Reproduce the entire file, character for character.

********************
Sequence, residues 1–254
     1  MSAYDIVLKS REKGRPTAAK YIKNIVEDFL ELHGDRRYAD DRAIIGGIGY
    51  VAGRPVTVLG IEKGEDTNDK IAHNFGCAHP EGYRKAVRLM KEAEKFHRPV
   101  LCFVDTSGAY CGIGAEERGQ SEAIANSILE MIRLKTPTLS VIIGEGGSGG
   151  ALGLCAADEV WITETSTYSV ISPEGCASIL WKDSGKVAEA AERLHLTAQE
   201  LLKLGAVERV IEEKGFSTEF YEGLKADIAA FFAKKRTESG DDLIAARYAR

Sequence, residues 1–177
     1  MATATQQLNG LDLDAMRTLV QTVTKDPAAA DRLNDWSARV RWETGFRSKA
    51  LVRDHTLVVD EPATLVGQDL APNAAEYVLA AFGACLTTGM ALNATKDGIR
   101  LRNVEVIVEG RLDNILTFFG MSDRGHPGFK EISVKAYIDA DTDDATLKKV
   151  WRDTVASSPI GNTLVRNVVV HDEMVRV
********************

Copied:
Sequence, residues 1–254
     1  MSAYDIVLKS REKGRPTAAK YIKNIVEDFL ELHGDRRYAD DRAIIGGIGY
    51  VAGRPVTVLG IEKGEDTNDK IAHNFGCAHP EGYRKAVRLM KEAEKFHRPV
   101  LCFVDTSGAY CGIGAEERGQ SEAIANSILE MIRLKTPTLS VIIGEGGSGG
   151  ALGLCAADEV WITETSTYSV ISPEGCASIL WKDSGKVAEA AERLHLTAQE
   201  LLKLGAVERV IEEKGFSTEF YEGLKADIAA FFAKKRTESG DDLIAARYAR

Sequence, residues 1–177
     1  MATATQQLNG LDLDAMRTLV QTVTKDPAAA DRLNDWSARV RWETGFRSKA
    51  LVRDHTLVVD EPATLVGQDL APNAAEYVLA AFGACLTTGM ALNATKDGIR
   101  LRNVEVIVEG RLDNILTFFG MSDRGHPGFK EISVKAYIDA DTDDATLKKV
   151  WRDTVASSPI GNTLVRNVVV HDEMVRV